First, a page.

For many employers, the honest answer right now might be “I have no idea.” Employers must make a good-faith effort to fill out these outdated forms as completely and accurately as possible so workers can get the benefits they deserve, without running into trouble themselves. Provide explanations when they are requested – and in the margins when not. And get the information back to the state promptly.
Future unemployment insurance costs. The Labor Department’s guidance reinforces the notion that the federal government, not employers, will pay for the extra unemployment insurance benefits during this crisis. The guidance indicates that “non-charging” of benefits is permitted. States can decide not to charge the current costs against the employer experience rating, or against “reimbursing” employers, including government entities, hospitals and nonprofit organizations, that self-finance the costs of their employees’ claims.
Beware of employee classification traps. In the past, having an independent contractor file for unemployment often led to a review of whether the worker should have been classified as an employee – with all the attendant payroll taxes, benefits and protections of employment. Now, gig workers, the self-employed and 1099-contractors may for the first time apply for unemployment – but they have to apply as self-employed workers, not as your employees.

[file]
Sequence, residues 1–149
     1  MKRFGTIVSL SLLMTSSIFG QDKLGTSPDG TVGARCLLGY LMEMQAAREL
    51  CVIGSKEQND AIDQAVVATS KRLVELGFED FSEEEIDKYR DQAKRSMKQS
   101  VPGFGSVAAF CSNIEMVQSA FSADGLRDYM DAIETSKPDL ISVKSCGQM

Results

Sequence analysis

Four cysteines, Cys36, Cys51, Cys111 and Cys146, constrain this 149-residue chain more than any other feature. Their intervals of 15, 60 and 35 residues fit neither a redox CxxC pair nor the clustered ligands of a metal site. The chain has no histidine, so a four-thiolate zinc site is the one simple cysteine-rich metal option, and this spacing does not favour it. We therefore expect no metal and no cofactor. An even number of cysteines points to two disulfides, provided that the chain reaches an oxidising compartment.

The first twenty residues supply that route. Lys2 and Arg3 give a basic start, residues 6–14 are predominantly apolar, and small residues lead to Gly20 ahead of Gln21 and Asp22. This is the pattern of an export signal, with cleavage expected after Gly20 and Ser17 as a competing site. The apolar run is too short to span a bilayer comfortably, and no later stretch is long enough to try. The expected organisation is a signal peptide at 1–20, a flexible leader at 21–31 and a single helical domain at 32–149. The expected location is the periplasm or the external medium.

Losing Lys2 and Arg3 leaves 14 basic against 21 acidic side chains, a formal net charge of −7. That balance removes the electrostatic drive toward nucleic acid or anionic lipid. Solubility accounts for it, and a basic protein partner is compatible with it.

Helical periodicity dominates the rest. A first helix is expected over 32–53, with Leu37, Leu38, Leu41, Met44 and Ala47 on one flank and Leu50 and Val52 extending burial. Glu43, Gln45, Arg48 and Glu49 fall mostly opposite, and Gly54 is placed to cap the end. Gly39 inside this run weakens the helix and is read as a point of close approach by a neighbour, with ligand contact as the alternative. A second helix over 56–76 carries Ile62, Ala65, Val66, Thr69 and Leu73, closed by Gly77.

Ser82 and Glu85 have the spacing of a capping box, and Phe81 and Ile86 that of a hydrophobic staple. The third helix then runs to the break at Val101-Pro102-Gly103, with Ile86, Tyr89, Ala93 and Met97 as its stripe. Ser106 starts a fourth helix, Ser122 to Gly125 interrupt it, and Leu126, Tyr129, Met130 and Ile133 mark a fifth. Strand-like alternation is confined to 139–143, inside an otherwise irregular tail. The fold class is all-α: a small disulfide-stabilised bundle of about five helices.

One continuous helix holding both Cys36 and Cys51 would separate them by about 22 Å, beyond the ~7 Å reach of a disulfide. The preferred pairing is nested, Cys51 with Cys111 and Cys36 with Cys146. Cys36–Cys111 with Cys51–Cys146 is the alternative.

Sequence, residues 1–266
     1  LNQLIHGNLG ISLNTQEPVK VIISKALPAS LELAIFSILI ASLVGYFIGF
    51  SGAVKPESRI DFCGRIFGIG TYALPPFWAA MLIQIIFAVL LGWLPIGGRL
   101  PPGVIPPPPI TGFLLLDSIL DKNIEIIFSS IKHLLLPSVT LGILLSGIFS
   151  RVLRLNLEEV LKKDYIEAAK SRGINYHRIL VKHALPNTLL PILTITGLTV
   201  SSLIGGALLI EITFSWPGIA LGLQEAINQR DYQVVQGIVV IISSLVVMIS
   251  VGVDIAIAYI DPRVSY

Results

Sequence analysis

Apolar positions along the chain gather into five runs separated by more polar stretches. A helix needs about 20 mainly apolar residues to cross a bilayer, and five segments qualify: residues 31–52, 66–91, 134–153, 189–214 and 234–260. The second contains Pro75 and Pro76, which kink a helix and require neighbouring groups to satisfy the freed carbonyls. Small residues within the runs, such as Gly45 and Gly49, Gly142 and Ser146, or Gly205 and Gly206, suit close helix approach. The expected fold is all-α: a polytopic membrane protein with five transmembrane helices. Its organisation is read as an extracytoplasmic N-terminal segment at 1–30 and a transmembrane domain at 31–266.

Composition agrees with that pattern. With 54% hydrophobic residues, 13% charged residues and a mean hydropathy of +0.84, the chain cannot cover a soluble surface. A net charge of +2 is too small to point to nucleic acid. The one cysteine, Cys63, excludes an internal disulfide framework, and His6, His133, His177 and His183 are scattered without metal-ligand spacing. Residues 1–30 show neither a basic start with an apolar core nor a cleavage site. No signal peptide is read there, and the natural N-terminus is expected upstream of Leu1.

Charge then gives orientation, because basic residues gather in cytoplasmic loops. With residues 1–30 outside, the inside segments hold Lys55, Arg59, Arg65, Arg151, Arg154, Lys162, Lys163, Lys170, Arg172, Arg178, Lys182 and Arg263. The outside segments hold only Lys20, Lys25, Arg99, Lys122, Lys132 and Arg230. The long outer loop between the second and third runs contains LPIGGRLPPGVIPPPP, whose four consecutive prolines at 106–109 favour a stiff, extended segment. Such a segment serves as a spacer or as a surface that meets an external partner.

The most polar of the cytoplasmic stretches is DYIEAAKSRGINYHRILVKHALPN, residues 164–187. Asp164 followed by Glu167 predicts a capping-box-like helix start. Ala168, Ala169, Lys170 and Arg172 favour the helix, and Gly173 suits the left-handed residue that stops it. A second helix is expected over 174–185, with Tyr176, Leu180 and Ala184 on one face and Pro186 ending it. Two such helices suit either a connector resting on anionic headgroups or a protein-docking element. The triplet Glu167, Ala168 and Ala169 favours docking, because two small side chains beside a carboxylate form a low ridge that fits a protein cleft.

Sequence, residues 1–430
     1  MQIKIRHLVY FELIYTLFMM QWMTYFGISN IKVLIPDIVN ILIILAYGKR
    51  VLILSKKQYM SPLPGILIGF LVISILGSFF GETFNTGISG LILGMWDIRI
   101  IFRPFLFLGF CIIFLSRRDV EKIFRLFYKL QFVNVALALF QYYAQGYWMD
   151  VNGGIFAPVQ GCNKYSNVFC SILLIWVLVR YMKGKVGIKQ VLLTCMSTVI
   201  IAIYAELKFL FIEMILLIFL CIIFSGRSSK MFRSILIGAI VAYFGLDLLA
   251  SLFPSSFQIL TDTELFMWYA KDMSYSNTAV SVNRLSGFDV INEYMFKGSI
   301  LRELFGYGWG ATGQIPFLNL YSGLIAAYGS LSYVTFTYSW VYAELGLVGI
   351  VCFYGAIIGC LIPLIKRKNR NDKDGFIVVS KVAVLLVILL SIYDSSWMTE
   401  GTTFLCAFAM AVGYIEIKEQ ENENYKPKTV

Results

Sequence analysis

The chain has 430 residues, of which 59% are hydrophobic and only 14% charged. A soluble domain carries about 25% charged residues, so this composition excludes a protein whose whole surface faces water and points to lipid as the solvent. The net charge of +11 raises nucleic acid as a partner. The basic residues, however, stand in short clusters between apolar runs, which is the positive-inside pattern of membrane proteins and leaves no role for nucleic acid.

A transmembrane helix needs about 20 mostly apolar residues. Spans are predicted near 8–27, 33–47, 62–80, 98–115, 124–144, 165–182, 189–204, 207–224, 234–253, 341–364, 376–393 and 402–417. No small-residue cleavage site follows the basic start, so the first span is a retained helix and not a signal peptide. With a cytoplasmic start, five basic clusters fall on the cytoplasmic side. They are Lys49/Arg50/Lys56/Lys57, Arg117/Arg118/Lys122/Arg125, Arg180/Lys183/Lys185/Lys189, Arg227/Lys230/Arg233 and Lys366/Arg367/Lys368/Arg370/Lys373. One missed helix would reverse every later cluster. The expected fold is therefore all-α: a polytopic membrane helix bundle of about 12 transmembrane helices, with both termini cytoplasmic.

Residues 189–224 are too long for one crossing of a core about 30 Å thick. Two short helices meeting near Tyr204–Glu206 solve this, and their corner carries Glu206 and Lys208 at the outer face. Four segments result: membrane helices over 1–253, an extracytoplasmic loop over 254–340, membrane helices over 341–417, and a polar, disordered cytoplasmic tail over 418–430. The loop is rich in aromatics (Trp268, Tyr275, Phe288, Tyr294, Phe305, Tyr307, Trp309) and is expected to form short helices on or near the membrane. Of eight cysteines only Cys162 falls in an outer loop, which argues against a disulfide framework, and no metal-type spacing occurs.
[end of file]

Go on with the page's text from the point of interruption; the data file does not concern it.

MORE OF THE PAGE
States have taken various steps to gear up for this seismic shift. Washington instructs gig workers and the self-employed to apply for “regular” benefits, and then when those are denied, they can apply for the new benefits. Oregon simply says the application process for those workers is “coming soon.” And New York has posted guidance that those workers should fill out the form listing themselves as the “Employer” and providing their own phone number for the “employer contact.”